The congressional panel investigating Hewlett-Packard’s boardroom spying probe on Wednesday demanded that Mark Hurd, chief executive, explain a $1.37m stock sale he made just days before news of the scandal became public.

In a letter dated December 12, two Democratic members of the House Energy and Commerce Committee, Rep John Dingell and Rep Bart Stupak, said it appeared that Mr Hurd had voluntarily cashed in $1.37m in stock options on August 25. That is the same day Mr Hurd was questioned by HP’s outside attorneys, who were condcting an investigation into the scandal.

The letter asked Mr Hurd to confirm the date and explain the alleged stock sale. It said the sale did “not appear to be a part of any prescheduled programme” of share disposals.

“Continuing revelations about widespread ‘backdating’ and ‘spring-loading’ abuses have raised questions about whether executives are cashing in (’bullet dodging’) while in posession of potentially damaging material facts that shareholders do not know,” it said.

HP said it had received the letter and that it would respond to the inquiry.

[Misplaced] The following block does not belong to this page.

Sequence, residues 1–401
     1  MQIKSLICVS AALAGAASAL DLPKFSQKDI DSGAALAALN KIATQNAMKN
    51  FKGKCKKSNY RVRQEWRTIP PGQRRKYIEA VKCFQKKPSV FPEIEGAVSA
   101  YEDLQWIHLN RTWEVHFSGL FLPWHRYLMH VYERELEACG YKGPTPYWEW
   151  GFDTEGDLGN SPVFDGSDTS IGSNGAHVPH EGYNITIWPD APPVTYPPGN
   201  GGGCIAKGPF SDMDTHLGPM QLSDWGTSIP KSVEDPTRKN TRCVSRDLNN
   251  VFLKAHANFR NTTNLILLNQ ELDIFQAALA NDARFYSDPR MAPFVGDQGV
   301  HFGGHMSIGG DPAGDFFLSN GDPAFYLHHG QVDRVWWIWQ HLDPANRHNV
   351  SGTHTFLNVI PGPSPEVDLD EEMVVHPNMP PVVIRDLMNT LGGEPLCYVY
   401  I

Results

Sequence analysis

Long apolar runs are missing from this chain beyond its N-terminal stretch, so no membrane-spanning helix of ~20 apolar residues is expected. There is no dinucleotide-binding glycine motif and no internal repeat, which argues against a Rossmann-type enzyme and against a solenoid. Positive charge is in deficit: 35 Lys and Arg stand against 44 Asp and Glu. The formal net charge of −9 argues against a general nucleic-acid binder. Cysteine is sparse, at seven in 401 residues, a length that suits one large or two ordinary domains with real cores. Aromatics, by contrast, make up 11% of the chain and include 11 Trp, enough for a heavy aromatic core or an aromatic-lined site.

HP’s shares were mostly unaffected in the weeks after the company admitted its detectives had spied on board members, journalists and their families in order to uncover the source of a boardroom leak.

The investigation’s dubious tactics, which included the potentially fraudulent acquisition of telephone records and physical surveillance, sparked a furore that claimed the jobs of Patricia Dunn, HP’s former chairman, and several other HP officials. Ms Dunn and four others are facing criminal charges including identity theft for their role in the scandal. All five pleaded not guilty.

Last week, HP announced that it would pay $14.5m to settle any civil complaints brought by the state of California in connection with the case. The company remains under investigation by federal authorities including the US Justice Department. It is also facing shareholder lawsuits.

Wednesday’s news came as HP announced a three-year partnership with Microsoft, the world’s biggest software maker. Under the deal, HP and Microsoft will invest $300m to develop new products and services for business communciations, content management and other areas where their businesses overlap. The partnership will cover product development, testing and marketing.

HP’s shares fell 0.4 per cent to close at $39.67 on Wednesday.

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